The Red Turtle is a French animated production from the mind of a Dutch animator, presented to you by the Japanese Studio Ghibli. So much going on behind this tale of a shipwrecked man.
|Director||Michaël Dudok de Wit|
|Studio||Prima Linea Productions, Why Not Productions, Studio Ghibli, CN4 Productions, Arte France Cinéma, Belvision|
|Genre||Drama, romance, fantasy|
|Purchase DVD||Click here to purchase from Amazon.|
The Red Turtle, also known as La Tortue Rouge in French, is an interesting flick. It’s a collaborative effort between multiple producers, including the likes of Studio Ghibli of all places. Furthermore, it was directed by a Dutch animator named Michaël Dudok de Wit, who was best known for his animated short films such as Father and Daughter. The Red Turtle is his first feature-length animated movie.
Despite Studio Ghibli’s label, the movie itself isn’t what I would call ‘Japanimation.’ In fact, Ghibli serves as a producer. If my research is correct, Prima Linea is the main animation studio. Ultimately, there’s a lot of collaboration going on behind the scenes, resulting in the movie being produced in France and Belgium. And later on, it featured in the 2016 Cannes Film Festival under the category of Un Certain Regard.
But lucky lucky. This movie contains no dialogue whatsoever, so you don’t need to go through as many hoops. If anything, I recommend not looking up trailers for this movie at all and just watch it without expectations. You’ll be pleasantly surprised.
A nameless man was lost at sea and got caught in a storm. He woke up on an uninhabited island, where his only companions were harmless critters such as crabs. Though he was able to find food and fresh water, he was desperate to escape. But as he tried to escape the island, he had a strange encounter with a red sea turtle.
At this point, you’d probably want to go watch the movie and see the rest of the story for yourself. Because mere descriptions won’t do it justice. This is one of those movies where a plot synopsis will cheat you out of a good watch.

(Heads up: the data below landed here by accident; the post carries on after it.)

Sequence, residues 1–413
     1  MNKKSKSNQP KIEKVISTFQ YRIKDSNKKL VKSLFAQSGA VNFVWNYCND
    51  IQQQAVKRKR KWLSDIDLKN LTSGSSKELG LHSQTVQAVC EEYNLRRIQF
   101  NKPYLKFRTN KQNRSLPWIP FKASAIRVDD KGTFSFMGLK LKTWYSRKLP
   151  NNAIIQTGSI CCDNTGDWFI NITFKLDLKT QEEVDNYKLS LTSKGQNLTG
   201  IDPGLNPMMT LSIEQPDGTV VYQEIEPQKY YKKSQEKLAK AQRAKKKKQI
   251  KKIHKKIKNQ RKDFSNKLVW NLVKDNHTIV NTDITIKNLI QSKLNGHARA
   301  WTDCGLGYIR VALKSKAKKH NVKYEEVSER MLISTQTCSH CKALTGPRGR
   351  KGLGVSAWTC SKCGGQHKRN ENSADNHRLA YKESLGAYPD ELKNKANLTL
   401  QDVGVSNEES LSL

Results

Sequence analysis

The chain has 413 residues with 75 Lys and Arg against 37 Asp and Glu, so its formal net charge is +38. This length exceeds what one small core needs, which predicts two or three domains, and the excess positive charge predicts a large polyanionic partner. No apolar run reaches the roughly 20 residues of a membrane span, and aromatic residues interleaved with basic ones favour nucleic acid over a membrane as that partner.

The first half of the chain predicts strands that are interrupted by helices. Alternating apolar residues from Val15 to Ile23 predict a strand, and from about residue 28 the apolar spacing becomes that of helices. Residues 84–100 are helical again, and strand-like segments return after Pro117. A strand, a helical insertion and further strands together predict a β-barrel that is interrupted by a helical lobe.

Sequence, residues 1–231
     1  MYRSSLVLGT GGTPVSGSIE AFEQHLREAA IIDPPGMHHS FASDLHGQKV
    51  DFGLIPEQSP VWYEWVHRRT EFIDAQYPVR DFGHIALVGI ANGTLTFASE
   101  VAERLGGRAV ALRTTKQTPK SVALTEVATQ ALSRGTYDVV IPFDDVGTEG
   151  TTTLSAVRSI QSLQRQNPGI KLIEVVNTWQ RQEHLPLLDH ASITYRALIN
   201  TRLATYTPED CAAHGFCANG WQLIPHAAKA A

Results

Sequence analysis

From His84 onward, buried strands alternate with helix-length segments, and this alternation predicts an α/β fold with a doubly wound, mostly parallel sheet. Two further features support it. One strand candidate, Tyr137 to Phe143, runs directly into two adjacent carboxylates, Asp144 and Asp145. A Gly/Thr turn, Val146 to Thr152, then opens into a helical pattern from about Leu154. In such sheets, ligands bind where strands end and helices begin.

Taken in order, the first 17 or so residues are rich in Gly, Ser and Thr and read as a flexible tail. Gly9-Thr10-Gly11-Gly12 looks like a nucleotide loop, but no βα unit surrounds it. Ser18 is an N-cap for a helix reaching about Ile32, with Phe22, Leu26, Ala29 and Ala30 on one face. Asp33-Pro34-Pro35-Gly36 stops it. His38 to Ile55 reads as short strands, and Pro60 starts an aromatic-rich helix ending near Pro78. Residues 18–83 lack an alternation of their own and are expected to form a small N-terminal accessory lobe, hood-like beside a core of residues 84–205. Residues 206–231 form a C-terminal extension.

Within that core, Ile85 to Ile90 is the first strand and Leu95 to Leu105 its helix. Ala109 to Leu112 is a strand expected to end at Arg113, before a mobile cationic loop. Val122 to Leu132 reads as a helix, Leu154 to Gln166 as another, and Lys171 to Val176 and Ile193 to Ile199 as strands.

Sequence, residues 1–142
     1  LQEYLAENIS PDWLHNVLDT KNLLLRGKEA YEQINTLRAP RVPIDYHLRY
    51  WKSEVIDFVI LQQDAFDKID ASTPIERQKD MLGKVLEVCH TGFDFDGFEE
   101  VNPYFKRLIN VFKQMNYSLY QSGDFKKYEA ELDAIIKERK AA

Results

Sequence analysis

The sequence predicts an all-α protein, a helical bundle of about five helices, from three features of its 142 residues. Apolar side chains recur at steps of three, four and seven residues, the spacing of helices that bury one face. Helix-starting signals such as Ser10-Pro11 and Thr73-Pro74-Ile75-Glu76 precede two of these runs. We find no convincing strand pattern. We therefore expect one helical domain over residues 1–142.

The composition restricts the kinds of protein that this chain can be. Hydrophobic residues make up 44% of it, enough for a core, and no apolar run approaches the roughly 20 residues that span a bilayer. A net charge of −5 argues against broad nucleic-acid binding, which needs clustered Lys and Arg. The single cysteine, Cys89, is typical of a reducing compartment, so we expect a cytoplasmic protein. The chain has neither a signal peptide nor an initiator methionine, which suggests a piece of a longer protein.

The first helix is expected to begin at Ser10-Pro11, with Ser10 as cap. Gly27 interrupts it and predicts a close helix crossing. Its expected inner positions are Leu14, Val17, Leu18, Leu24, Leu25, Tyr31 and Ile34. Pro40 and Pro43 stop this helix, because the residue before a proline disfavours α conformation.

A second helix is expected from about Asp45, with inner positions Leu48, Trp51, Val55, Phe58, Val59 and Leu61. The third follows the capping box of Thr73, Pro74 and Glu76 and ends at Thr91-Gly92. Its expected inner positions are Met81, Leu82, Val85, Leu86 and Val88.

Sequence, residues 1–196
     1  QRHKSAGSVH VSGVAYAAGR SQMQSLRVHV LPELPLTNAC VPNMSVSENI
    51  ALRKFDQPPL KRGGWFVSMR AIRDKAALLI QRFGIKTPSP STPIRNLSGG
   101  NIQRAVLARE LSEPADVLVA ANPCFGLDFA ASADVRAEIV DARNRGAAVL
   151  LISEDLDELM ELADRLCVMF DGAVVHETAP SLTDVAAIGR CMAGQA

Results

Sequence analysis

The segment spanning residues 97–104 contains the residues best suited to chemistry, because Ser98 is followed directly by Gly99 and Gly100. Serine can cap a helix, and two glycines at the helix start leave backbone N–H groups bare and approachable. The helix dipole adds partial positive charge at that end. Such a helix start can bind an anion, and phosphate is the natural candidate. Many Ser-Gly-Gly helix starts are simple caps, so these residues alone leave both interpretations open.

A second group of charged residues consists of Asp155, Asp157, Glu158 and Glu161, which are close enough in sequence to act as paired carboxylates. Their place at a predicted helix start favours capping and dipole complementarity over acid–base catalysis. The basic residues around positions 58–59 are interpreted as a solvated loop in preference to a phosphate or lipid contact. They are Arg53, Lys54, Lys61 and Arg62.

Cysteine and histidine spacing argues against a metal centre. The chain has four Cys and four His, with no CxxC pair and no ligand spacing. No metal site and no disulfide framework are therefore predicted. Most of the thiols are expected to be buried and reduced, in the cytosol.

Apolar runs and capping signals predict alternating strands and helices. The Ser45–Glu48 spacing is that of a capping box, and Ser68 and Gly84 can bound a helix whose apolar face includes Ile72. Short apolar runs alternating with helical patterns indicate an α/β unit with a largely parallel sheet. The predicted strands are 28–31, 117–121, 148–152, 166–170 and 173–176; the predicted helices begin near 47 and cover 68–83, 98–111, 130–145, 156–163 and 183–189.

I should comment on the art style. The nameless man is drawn simplistically compared to mostly everything else in the movie. His general appearance has simple linework and his colors are mostly solid with the occasional light and shadows. This character design creates a noticeable contrast with the backdrops, which were depicted in an either more realistic style (beach) or impressionist style (bamboo forest).
And yet, I never felt the man clashed with the backdrops. The contrast is very subtle. The backdrops had textures while the man and any other creature had flat colors with no textures.
Watching The Red Turtle is like watching a moving painting in a way. With the benefit of no dialogue, this movie used pure visual storytelling to move the plot forward. The pacing is also quite slow and the story progression is minimalist, meaning there will be a lot of scenes that don’t necessarily move the story forward. Rather, they’re there to set an atmosphere and get you immersed into the setting.
With a simple story, an appealing art style and great sound design, this movie… is very relaxing to sit through. It’s a sharp contrast with most animated movies of today that are normally full of action and dialogue.
And if you’re reading up to this point and have yet to see the movie, well… again, I can’t really discuss the rest of the movie without going into MASSIVE SPOILER TERRITORY, so proceed with caution.
Are you sure you wanna continue?
I didn’t warn ya!
Life, Death and a Dream
If you haven’t guessed by now, our protagonist eventually meets the aforementioned red turtle. Specifically, a giant female sea turtle with a unique red color. And for some reason, the turtle does NOT want the man to leave the islands.
The man attempts multiple times to leave the island using a raft. But no matter how large and stable he made his raft, the red sea turtle somehow finds a way to break it.
Why does the red turtle harass this man, who simply wants to return home? Well… that’s… a very good question. Assuming this narrative is grounded to reality, the turtle wouldn’t possess a conscience or have any real reasons to torment the man. After all, it’s a sea turtle. What does it care if this one man leaves? Can it care? Does it just possess an impulsive desire to break things?
Later in the movie, the man experiences a vivid hallucination; specifically, he saw a quartet playing string instruments in the middle of the beach. This moment drove the man to insanity.
The sea turtle crawls ashore—something that you should remember for later. The man takes a stick and attempts to kill the creature, then flips it over on its back so it can’t get up. Then he leaves it there in that position, to die.